May 13, 2020

Public sector workers continue to be the backbone of our state, city

— Bob Reiter, president, Chicago Federation of Labor

Published by Chicago Tribune | May 11, 2020

As the COVID-19 crisis continues, some have questioned what public sector workers are doing to aid our communities.

Here in the greatest working-class city in America, public sector workers are busy doing the work we’ve always depended on and too often take for granted: educating and caring for our children. Keeping our streets safe. Looking after the sick, the elderly, veterans and those on the margins. Picking up trash, assuring clean drinking water and treating our wastewater. Keeping our trains and buses moving, and making sure the roads, bridges and rails that carry us are well-maintained. And many other important assignments too long to list.

Since the crisis began, most public employees have the same responsibilities, but now they’re being called to fulfill them under extremely difficult conditions.

Those who handle unemployment claims are meeting the challenge of an exponentially larger workload to make sure people have this urgently needed financial lifeline. Human services caseworkers are responding to the unprecedented demand for food, housing, medical and mental health assistance. Public school teachers and staff are still educating our children, albeit remotely. All of them and countless other public servants are working to ensure that throughout the darkness of this pandemic and when our state finally emerges, the public services that Illinois residents rely on are always there.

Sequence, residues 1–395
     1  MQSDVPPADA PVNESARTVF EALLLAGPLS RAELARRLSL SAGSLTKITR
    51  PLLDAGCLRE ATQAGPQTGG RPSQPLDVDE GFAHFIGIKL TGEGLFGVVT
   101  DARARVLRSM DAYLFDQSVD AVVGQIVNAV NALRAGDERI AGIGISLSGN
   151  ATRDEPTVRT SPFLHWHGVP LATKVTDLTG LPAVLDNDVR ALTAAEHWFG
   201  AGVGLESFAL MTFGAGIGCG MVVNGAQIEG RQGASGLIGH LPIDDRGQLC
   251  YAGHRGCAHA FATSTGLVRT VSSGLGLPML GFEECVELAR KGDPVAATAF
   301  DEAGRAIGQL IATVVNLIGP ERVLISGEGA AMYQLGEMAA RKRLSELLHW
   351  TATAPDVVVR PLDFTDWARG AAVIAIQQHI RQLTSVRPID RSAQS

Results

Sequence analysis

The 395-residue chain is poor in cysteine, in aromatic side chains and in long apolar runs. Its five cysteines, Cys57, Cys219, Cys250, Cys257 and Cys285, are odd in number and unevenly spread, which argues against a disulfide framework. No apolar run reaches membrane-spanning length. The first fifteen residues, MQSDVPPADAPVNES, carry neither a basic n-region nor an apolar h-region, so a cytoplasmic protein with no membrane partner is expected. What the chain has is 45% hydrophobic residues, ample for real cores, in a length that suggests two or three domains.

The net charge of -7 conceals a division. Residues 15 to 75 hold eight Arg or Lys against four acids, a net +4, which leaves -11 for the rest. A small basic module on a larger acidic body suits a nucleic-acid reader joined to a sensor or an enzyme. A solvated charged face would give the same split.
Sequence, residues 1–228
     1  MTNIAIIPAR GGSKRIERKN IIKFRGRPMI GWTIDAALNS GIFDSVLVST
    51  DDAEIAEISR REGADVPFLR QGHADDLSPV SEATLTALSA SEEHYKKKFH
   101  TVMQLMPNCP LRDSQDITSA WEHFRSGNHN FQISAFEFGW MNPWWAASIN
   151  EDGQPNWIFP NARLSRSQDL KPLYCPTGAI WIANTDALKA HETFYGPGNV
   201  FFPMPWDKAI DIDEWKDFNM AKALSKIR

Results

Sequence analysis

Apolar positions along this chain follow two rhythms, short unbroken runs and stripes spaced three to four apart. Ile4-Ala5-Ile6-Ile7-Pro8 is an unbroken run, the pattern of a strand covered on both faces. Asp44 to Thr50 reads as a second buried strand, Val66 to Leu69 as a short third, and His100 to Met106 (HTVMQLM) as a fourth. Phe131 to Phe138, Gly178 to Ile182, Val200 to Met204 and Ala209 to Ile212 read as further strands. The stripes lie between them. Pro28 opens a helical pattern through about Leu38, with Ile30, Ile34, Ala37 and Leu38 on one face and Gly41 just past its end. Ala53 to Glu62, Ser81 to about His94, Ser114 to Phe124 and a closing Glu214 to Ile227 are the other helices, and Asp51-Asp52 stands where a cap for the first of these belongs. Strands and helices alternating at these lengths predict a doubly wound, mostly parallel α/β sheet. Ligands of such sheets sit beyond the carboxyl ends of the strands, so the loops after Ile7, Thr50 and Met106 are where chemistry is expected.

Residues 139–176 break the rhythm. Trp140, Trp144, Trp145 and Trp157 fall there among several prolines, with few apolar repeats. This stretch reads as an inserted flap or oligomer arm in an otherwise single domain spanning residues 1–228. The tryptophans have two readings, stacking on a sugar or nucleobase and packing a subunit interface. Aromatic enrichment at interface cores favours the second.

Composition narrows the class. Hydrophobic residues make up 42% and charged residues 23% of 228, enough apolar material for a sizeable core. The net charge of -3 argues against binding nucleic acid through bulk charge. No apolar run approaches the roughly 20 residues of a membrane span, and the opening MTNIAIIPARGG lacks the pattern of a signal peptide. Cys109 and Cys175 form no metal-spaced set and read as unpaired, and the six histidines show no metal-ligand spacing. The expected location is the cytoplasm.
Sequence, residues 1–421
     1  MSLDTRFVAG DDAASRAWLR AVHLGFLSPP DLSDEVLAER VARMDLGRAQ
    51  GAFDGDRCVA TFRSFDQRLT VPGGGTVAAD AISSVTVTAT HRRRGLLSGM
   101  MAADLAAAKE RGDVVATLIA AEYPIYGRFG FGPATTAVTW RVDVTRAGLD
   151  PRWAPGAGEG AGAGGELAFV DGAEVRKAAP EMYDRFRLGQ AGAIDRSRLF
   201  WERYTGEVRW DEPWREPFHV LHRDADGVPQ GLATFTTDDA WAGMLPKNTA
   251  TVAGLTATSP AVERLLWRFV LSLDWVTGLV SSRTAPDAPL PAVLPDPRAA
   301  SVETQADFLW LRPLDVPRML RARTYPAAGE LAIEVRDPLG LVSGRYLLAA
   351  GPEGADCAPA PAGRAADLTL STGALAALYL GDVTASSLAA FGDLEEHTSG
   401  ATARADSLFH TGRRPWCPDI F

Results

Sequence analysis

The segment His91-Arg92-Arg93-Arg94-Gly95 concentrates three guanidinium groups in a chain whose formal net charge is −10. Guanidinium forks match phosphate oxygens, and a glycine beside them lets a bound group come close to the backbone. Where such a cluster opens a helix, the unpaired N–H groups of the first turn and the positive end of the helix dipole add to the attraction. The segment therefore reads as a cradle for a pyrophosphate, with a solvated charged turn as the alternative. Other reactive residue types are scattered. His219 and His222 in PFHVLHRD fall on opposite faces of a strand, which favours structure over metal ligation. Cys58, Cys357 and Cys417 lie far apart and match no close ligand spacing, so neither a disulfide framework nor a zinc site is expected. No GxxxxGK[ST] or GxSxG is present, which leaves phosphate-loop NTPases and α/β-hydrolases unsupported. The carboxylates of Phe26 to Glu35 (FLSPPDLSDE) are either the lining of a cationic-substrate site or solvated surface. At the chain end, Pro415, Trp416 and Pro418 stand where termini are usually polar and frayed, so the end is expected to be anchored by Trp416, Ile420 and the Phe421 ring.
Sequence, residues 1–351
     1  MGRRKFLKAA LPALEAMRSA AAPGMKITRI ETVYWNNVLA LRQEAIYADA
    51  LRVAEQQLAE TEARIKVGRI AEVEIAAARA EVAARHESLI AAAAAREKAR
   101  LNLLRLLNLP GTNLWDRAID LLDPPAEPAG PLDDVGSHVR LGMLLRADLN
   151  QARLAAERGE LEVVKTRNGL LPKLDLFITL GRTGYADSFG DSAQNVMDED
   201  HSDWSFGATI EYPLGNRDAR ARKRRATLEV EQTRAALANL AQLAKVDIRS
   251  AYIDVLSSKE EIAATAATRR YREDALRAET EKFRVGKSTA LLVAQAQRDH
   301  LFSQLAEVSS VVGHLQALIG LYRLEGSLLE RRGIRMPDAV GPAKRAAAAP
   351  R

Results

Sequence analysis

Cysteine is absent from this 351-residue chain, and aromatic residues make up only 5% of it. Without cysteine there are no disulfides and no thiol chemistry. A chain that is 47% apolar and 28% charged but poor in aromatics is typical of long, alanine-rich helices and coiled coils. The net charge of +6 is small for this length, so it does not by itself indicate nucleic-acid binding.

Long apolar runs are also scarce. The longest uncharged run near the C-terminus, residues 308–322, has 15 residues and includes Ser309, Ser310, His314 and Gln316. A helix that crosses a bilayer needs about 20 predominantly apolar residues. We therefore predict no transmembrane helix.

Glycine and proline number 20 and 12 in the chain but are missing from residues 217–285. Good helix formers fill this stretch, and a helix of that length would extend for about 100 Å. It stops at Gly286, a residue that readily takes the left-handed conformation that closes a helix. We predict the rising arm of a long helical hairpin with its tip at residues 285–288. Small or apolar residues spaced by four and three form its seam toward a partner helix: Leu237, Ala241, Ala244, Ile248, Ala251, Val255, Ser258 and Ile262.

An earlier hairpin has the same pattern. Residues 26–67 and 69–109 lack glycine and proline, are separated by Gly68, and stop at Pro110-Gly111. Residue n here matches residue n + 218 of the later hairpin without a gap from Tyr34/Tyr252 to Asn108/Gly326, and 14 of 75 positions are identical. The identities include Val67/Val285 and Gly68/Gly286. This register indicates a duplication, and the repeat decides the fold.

Just like other essential front-line workers, the many public employees whose work cannot be done remotely are putting their own health at risk. They’re at work in the county hospital and correctional systems; they’re caring for people with disabilities in residential settings; they’re in the field protecting children from abuse and neglect; they’re responding to emergencies. Some have made the ultimate sacrifice after being exposed to the deadly virus as they carried on serving, and often helping to save, our communities.

When you look at the faces of those public servants who are putting themselves at risk daily, you see many come from communities of color. Their work is not just critical for the public at large; they are vital to supporting their own families and communities.

Public service workers deserve our thanks for their work during this crisis, and Congress must provide the funding that state and local governments require to keep these women and men on the job for all of us. Our city, our state and our country will be far the better for it.

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